If you want to see a thoroughly charming romantic comedy, visit the Laurel Mill Playhouse for their lovely production of Pride and Prejudice. Based on the legendary Jane Austen’s 1813 novel, Pride and Prejudice is a sweet and funny period piece whose life lessons apply equally today. Director Larry Simmons skillfully guides a marvelous cast of characters in bringing this iconic classic to life.
The story opens in the late 18th Century with a Mrs. Bennet (Maureen Rogers), whose mission in life is to see her five daughters married off, preferably to rich men. In all fairness this is not greed, but rather a deep concern that, when her husband passes away, the estate will be entailed to a male cousin and the six females will be out of luck. She is all atwitter because she has learned that the young and wealthy Mr. Bingley (Gary Eurice), who has “5,000 pounds a year,” has rented a nearby estate which is much grander than her own. Accompanying Bingley is the proud, condescending, and even wealthier Mr. Darcy (Daniel Schall), who has “10,000 pounds a year.”
When the Bennets attend the Assembly Ball, Mrs. Bennet has high hopes for one of her daughters, and in fact, love blossoms between her eldest daughter Jane (Spencer Kate Nelson) and Bingley. What is not expected is that the strong, independent second eldest daughter Elizabeth (Julie Rogers) is intrigued by Darcy and he by her. She tries to overlook his rudeness and arrogance, but when she meets a soldier who tells her a tale about Darcy, she completely turns against him. Elizabeth is not particularly interested in marriage anyway, but she is very upset when Bingley leaves town and leaves her sister Jane high and dry.
Elizabeth’s ire towards Darcy is increased when she learns that Darcy is unapologetically responsible for turning Bingley away from Jane. Her mother tries to fix her up with Mr. Collins (Jen Sizer), but she remains fiercely independent and refuses him. And, the youngest daughter Lydia (Ashleigh Kepley) takes up with a soldier and disgraces the family by running off to London without benefit of marriage.
Set Designers Diana and Larry Simmons keep things simple, but very effective. A basic set with a sofa and two chairs, wall sconces, pictures on the wall, and four entrances and exits serve well for the entire production. Costume Designers and seamstresses Penni Barnett, Carol Mead Cartmell, Lynn Kellner, Marge McGugan, Kelly Miller, Erica Nelson, and Spencer Kate Nelson provide silks and laces and satin sashes, mostly in pastels.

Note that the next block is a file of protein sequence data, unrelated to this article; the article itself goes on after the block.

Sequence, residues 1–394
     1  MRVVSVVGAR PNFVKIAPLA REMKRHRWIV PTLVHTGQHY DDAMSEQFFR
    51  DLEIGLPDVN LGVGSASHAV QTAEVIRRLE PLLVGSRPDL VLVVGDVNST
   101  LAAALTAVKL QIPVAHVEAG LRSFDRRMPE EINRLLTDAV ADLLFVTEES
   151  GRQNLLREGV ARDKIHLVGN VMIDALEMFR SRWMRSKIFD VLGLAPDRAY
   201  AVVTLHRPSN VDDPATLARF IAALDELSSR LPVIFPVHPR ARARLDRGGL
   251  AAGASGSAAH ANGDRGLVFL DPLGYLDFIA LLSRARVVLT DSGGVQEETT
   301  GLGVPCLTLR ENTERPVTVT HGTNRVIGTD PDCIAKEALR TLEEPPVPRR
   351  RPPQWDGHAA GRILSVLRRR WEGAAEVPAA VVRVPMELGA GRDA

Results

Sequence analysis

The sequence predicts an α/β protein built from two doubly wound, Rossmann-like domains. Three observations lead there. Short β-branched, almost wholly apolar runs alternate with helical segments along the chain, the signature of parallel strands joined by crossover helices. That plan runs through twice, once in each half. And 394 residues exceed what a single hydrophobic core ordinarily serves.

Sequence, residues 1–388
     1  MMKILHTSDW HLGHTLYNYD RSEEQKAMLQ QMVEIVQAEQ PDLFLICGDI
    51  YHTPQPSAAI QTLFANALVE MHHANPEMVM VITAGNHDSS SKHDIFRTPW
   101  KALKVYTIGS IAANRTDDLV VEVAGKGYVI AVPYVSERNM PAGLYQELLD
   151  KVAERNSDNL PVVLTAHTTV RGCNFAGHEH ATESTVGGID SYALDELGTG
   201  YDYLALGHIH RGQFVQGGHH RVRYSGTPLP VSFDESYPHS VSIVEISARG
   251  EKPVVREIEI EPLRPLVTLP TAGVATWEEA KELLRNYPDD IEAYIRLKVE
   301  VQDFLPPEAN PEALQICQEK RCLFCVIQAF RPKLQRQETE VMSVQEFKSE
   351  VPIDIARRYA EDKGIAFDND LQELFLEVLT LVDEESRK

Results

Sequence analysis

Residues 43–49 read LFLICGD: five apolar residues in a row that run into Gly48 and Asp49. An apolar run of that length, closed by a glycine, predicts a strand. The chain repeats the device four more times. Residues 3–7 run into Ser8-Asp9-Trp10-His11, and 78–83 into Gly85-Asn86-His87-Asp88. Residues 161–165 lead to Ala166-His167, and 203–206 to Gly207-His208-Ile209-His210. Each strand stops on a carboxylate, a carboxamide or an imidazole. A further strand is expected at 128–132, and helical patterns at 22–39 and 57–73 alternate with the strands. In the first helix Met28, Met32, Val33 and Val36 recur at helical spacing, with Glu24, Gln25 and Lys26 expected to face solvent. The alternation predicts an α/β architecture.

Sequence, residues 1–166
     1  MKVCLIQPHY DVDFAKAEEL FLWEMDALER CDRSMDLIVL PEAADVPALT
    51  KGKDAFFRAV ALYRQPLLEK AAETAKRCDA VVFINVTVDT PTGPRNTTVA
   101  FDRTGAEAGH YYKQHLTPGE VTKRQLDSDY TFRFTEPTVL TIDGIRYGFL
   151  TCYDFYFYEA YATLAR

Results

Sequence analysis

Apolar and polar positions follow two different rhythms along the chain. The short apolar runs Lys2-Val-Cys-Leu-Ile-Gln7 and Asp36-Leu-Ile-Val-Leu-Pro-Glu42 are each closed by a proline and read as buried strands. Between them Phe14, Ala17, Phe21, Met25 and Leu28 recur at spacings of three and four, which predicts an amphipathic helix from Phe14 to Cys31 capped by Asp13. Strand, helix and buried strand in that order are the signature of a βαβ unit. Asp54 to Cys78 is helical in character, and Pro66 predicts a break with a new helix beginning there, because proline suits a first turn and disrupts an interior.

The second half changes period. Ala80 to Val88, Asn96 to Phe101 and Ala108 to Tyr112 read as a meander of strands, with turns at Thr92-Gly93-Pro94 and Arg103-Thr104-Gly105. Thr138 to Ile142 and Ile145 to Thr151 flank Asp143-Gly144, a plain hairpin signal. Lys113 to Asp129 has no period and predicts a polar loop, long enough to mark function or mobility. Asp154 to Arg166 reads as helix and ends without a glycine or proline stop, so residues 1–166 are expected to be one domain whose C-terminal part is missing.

Julie Rogers shines brightly as Elizabeth Bennet, a smart, shrewd, serious person who is not swayed by the customs of the day. Rogers’ eyes were particularly expressive as she keeps her interest in Darcy beneath the surface. Mr. Darcy is brilliantly portrayed by Daniel Schall as a handsome, elegant man who is haughty and arrogant and looks down on everyone who does not measure up to his extremely high standards. When asked by Elizabeth if he dances, he replies, “Not if I can help it.”
Gary Eurice plays Mr. Bingley as an innocent, gentle soul who would be a perfect match for Jane Bennet, if he would only stop listening to other people and make up his own mind. Spencer Kate Nelson plays Jane Bennet as a lovely and very forgiving person, who is committed to Bingley, even though he does not seem to be committed to her.
Maureen Rogers portrays Mrs. Bennet as a silly, comic figure but one who sincerely wants to see her daughters happy, and, after all, what could make them happier than to be financially secure Ben Garber skillfully plays Mr. Bennet as the long-suffering, logical man who thinks most of his family is silly but loves them just the same.
A standout performance is given by Jen Sizer as Mr. Collins. Not only is a male part played by a woman, but her portrayal is absolutely hilarious of an obsequious toady who kisses up to powerful people and does not realize that they are laughing at him.
Ashleigh Kepley does a splendid job as Lydia Bennet who is a thoroughly silly character, totally selfish in a way that neither her father nor her mother can control. The Bennet family is completed by Mary Bennet, aptly played by Alexis Thompson as a supposedly plain young woman who is intelligent and very interested in books, and Kitty Bennet, well played by Brooke Miller as a very silly young woman who exists in Lydia’s shadow. And, the rest of the cast does a superb job in a variety of smaller roles.
The Laurel Mill Playhouse’s production of Pride and Prejudice is a witty and clever comedy of manners, with excellent performances and direction, beautiful costumes, and effective set design. It transports the audience to a simpler place and time, but can be deceptively simple at times. It will delight and entertain you and you will not want to miss it.
Running Time: Approximately two hours and 30 minutes, with one 15-minute intermission.